GREENVILLE, SC—As hotels increasingly embrace and tout impressive green programs, the act of water conservation is the low-hanging fruit of sustainability that should remain top of mind. The random running toilet and faucet drips can add up, impacting a hotel’s bottom line and the comfort of its guests.
“You have to pay for water even when it’s dripping and when it goes down the drain. People don’t realize the cost of water going down the drain could be three times more because of the sewer costs,” said Linda Seigler, Eastern regional sales manager – foodservice division, T&S Brass, a manufacturer of commercial faucets and fittings based here.
According to the Environmental Protection Agency (EPA), the average hotel with 150 guestrooms could save up to 760,000 gallons of water, and more than $7,000 in water costs annually, if older fixtures were replaced with more-efficient, water-conserving models. As an EPA WaterSense partner and member of The Alliance for Water Efficiency and U.S. Green Building Council, T&S is deeply committed to sustainable practices.
“As a company, we want to leave this a better place for future generations and, from an ethical point of view, it’s also an opportunity for us to show the customer what we have available and bring an added value to the table,” said Seigler.
In the hospitality industry, restrooms and food service are among the biggest drains on the resource, according to Seigler.
“In the kitchen, it’s critical as this area is one of the biggest uses of hot water. Toilets are a main area, and it’s one of my pet peeves when a toilet is running constantly and water is going down the line,” she said. “Use water-conserving fixtures—for example, a low-flow spray valve—and make sure the faucets aren’t leaking and are in good shape. The cost of repair is less than the cost of water going down the drain.”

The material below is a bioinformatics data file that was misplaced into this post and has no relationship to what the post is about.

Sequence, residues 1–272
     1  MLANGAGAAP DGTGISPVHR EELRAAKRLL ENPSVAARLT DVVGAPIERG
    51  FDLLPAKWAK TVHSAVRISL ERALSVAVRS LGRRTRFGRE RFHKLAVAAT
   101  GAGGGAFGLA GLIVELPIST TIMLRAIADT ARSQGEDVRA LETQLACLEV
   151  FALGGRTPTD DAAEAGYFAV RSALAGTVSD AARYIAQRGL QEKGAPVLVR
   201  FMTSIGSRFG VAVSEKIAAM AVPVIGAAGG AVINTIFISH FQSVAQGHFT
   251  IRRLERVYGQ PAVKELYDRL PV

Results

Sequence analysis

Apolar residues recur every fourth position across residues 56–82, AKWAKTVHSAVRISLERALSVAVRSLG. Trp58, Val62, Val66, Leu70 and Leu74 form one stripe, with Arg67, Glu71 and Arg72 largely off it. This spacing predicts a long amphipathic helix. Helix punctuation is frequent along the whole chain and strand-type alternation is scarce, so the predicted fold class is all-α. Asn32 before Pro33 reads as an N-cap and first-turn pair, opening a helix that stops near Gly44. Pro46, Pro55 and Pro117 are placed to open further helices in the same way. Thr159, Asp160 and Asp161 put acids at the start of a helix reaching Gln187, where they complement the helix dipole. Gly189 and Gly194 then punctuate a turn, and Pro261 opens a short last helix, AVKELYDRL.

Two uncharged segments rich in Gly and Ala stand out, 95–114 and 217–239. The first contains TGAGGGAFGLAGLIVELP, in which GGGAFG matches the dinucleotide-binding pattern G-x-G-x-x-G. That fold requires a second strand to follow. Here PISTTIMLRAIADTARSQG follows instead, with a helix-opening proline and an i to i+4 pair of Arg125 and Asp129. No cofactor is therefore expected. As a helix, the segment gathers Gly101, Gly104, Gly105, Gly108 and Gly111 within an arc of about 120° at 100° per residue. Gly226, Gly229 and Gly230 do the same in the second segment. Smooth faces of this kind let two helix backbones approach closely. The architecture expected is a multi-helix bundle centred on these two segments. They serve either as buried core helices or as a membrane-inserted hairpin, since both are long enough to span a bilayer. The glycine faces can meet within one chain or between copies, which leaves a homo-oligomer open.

For hotels seeking analysis specific to their properties, T&S Brass provides a water audit service where they visit a facility; measure the fixtures and fittings; and then deliver recommendations on water savings in a detailed report.
A renovation is an ideal time to revisit the water usage at a property, but hotels can assess their plumbing maintenance procedures anytime as a way to shore up excessive consumption and expenses.
“Anytime you’re making a change, the time to do it is when you’re renovating. There are some changes you can make to a product that will allow you to save energy and the cost of utilities. If you’re using less water, then you’re spending less money and energy,” she said. “Also, make sure you maintain the water systems, so there’s no drips. One drip of water wastes about 3,000 gallons of water per year, according to the EPA.”
Seigler further illustrates the impact of inefficient water usage this way: “If you’re a hotel with 150 rooms and 10% have a leaky faucet or shower, that’s 15 rooms times 3,000 gallons of water per year. That’s 45,000 gallons of water going down the drain.”
Among the changes hotels can implement right now: “In the rooms, go with low-flow toilets, shower heads and faucets,” Seigler noted. “In public restrooms, go with center faucets as studies show they save one gallon per hand wash. In the kitchen, add low-flow spray valves and flow restrictors on the faucet prep sinks.”
In the battle of form vs. function, Seigler believes the effectiveness of the plumbing fixtures and fittings should come first.
“Sometimes you go too low flow and, then, there’s not enough water for flushing or water for the guest’s toothbrush. Be sure the fittings and fixtures fit the purpose and still give you the water savings and energy savings you’re looking for,” she said.